There are some issues that advocacy groups and big companies have come to agree on, and one is the main federal wiretapping law is in serious need of an update. Now it looks like the update may actually be coming. Sen. Patrick Leahy (D-VT) introduced a bill today that would update the law known as the Electronic Communications and Privacy Act, or ECPA.
The main problem with the ECPA is that it’s been interpreted by courts to allow cops to snoop on email without a warrant. That development has been disturbing to public interest groups, but has also begun to bother large corporations that the government has begun to treat as an easy source for evidence, even without a court order.
A coalition of entities interested in reforming the ECPA came together last year, in a group called Digital Due Process. The coalition includes privacy advocacy groups, but many big tech companies have joined Digital Due Process, including AOL (NYSE: AOL), AT&T (NYSE: T), Microsoft (NSDQ: MSFT), Google (NSDQ: GOOG), Facebook, and eBay (NSDQ: EBAY).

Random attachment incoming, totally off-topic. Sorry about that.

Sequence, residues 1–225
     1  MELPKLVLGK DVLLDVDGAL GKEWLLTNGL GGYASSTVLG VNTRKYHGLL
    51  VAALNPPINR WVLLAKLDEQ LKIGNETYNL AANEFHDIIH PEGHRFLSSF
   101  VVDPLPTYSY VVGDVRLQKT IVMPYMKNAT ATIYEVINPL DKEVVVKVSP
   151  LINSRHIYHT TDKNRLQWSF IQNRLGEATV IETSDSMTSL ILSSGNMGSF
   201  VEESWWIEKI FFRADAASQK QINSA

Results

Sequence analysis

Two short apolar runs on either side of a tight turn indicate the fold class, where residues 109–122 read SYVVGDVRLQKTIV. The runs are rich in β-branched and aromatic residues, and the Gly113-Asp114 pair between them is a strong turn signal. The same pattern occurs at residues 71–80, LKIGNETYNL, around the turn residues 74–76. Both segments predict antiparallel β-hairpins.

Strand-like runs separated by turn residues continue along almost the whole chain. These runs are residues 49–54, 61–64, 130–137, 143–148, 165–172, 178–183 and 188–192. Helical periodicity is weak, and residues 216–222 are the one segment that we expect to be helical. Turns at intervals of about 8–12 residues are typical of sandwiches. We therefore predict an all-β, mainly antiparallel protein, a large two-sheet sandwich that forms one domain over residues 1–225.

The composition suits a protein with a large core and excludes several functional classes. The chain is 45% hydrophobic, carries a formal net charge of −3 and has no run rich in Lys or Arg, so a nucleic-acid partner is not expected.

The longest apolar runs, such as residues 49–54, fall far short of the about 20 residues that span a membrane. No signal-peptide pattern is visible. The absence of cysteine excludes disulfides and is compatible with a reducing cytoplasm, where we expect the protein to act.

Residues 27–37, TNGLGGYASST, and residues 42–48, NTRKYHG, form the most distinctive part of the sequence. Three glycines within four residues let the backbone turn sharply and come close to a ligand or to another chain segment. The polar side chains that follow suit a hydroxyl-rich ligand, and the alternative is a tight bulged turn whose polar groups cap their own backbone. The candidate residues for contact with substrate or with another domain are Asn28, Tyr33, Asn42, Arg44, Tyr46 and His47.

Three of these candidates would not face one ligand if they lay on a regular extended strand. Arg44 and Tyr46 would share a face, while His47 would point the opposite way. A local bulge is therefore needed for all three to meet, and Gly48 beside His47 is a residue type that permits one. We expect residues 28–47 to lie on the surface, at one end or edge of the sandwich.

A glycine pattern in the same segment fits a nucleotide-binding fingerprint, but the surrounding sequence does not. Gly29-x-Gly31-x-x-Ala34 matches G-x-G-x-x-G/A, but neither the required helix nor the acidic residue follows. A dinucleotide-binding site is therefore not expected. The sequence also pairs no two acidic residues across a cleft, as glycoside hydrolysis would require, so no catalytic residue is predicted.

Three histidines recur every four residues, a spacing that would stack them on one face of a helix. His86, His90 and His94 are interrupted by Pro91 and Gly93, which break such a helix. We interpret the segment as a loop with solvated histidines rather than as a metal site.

The most important change the bill would make would be to require a search warrant for both reading emails and GPS tracking of suspects, and police who want such evidence will have to make a showing of “probable cause.” Remarkably, in many situations today, neither of those acts of surveillance require court supervision.
The bill is-for the most part-winning praise from privacy advocates. Jim Dempsey of the Center for Democracy and Technology noted that the bill still allows the government to get records tracking a person’s past location without a warrant. “In some ways, the bill does not provide full protection, and we will work to improve it, but as it stands now it is clearly a big leap forward.”
Kevin Bankston, a privacy lawyer for the Electronic Frontier Foundation, told CNET that he was concerned about the same gap in the bill. But it’s such an improvement over the current situation that he’s happy with it, he said: “We think this is an absolutely necessary and critical update of the law to protect privacy adequately in a cloud-based Internet economy.”